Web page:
This is a **quarto** website for the **hypertidy** family of R packages for multi-dimensional and spatial data.

Hypertidy is an approach to spatial or multi-dimensional data in R based on the following principles:

- data sources are best managed with database
*techniques* *spatial is not special*, user-interfaces, graphics and time-series all involve ‘space’- raster and vector are not naturally distinct, high-dimensional, curvilinear, cell-based rasters, polygon grids and ragged-arrays all cross this boundary
- ‘mesh-based’ or ‘indexed’ data structures are central, general data types while traditionally “geospatial” structures are domain-specific optimizations
- simple features left topology behind, resulting in fragmented and inefficient workarounds in the geo-spatial communities
- R spatial needs better APIs, a rich ecosystem of small, composable software modules
- tidy data principles are about leveraging databases and database techniques

Examples of these principles are seen in these R packages.

# Hypertidy manifesto

There’s a series of principles that hypertidy represents, we don’t think these are very controversial but they do not align well with some high-profile geo-spatial projects.

## Gridded data

Hypertidy recognizes that not all gridded data fit into the GIS raster conventions. Gridded data comes in many forms, geographic with longitude-latitude or projected spaces, with time and or depth dimensions, with different orderings of axes (i.e. time-first, the latitude-longitude), and with generally any arbitrary space. A space is simply a set of axes with particular units and projection, and yes we mean “space” and “projection” in the more general mathematical sense. Date-time data is a projection, there is a mapping of a particular set of values to the real line and the position on that line for particular instant is defined by the axis units and epoch.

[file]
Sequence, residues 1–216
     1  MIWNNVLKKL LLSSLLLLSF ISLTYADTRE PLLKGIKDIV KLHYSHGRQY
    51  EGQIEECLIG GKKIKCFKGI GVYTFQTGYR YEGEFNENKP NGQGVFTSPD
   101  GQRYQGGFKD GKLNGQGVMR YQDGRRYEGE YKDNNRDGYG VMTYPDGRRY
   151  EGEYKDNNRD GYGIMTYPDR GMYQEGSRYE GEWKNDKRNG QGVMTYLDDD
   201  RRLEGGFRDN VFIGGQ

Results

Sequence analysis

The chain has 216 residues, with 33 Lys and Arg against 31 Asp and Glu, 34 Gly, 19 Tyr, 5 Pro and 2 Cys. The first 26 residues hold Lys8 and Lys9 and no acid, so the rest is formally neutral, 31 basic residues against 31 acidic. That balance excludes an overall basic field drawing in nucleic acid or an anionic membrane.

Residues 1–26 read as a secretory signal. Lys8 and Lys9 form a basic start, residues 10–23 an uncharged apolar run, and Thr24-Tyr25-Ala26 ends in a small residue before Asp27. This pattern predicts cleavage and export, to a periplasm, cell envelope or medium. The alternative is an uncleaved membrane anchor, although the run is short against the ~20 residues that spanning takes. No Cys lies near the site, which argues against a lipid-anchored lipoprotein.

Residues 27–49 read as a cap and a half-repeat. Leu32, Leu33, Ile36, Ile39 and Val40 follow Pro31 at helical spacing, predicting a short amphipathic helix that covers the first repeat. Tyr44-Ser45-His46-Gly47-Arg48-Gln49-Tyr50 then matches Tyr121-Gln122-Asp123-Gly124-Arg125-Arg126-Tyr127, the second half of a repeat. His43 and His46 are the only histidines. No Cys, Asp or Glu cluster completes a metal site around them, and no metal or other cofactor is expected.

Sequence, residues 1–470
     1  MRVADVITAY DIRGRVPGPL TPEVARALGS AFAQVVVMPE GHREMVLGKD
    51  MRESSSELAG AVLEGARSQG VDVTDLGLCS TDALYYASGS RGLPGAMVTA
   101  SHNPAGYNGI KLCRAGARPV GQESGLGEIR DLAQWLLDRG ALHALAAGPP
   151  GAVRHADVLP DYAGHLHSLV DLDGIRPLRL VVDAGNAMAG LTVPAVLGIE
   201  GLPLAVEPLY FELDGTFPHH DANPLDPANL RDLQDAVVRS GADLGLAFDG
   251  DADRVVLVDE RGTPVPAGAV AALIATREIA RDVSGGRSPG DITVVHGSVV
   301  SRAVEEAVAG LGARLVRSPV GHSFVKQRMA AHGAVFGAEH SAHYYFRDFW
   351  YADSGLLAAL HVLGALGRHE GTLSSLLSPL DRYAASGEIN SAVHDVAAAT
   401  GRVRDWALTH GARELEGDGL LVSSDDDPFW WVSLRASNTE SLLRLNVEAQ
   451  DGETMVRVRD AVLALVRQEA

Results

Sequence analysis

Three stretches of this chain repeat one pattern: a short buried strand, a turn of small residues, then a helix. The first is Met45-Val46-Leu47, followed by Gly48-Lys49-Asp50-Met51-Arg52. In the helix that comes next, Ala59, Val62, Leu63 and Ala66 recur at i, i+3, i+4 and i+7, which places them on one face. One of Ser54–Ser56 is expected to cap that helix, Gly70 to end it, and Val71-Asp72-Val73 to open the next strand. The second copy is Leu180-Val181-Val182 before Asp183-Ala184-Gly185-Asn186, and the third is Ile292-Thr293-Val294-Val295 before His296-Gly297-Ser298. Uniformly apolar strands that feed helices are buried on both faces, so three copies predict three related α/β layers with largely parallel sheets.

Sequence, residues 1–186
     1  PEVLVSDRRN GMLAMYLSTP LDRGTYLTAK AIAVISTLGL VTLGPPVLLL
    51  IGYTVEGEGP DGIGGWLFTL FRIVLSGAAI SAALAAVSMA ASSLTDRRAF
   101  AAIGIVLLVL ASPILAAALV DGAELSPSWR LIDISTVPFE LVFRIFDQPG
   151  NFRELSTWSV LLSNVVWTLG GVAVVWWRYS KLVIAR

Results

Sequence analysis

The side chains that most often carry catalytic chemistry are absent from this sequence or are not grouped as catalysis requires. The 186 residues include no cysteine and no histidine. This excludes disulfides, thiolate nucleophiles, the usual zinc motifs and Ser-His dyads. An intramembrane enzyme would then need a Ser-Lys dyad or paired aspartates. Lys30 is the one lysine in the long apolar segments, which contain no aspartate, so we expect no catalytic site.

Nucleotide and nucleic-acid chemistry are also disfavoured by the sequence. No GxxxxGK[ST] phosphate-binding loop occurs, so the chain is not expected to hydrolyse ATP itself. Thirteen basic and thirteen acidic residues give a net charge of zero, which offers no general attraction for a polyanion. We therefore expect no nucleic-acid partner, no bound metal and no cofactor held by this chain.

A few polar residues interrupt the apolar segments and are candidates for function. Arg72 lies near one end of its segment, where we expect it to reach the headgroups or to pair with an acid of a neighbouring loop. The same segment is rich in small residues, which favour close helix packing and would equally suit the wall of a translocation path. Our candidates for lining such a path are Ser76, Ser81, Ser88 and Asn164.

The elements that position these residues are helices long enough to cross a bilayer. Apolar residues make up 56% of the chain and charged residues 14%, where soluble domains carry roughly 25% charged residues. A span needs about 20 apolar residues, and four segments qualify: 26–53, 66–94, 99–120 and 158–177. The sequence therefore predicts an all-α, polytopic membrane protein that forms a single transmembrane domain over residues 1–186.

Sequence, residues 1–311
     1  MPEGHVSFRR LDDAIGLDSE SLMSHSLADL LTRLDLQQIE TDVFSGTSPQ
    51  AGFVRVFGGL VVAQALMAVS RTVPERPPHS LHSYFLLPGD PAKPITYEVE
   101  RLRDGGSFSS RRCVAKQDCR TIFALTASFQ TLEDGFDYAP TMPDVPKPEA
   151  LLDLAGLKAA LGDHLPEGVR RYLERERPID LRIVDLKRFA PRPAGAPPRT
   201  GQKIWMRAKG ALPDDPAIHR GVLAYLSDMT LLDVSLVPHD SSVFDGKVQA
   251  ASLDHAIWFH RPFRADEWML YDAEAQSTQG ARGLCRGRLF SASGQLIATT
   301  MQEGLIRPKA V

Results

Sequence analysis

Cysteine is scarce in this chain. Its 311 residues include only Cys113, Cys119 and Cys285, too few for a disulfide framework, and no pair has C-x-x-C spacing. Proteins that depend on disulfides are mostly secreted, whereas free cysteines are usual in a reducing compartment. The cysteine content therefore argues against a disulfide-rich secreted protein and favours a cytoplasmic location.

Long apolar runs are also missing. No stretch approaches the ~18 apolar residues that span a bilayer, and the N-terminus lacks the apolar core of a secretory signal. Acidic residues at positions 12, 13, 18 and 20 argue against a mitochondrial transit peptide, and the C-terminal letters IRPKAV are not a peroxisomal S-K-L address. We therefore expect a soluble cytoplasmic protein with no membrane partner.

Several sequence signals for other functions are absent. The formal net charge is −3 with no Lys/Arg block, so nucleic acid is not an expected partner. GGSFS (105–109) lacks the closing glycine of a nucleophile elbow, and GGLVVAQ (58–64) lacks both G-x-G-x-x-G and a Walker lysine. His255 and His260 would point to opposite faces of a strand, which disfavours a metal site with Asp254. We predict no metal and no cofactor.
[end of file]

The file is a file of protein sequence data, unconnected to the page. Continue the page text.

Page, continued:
Mesh and grid share the same meaning in some contexts.

## Structured vs. unstructured, topology vs. geometry

Array-based data have a straight-forward relationship between a set of axes that have discrete steps. These are “structured grids”. Unstructured grids include triangulations, non-regularly binned histograms, tetrahedral meshes and ragged arrays.

An unstructured mesh (grid) is able to represent any data structure, but structured meshes have some advantages because of the regular indexing relationship between dimensions.

GIS vector constructs “polygons”, “lines”, “points” are special case optimizations of the unstructured grid case. Polygons really are topologically identical to lines, and they are a dead-end in the broader scheme of dimensionality. Points and lines can are topologicaly 0-dimensional and 1-dimensional respectively, and this shape-constraint is the same no matter what geometric dimension they are defined in. A line can twist around a 4D space with x, y, z, t coordinates at its segment nodes or it can be constrained to single dimension with only one of those coordinates specifying its position. The topology of the line is completely independent of the geometry, if we treat the line as composed of topological primitives.

Polygons are not composed of topological primitives, but they can be treated as being composed of line primitives.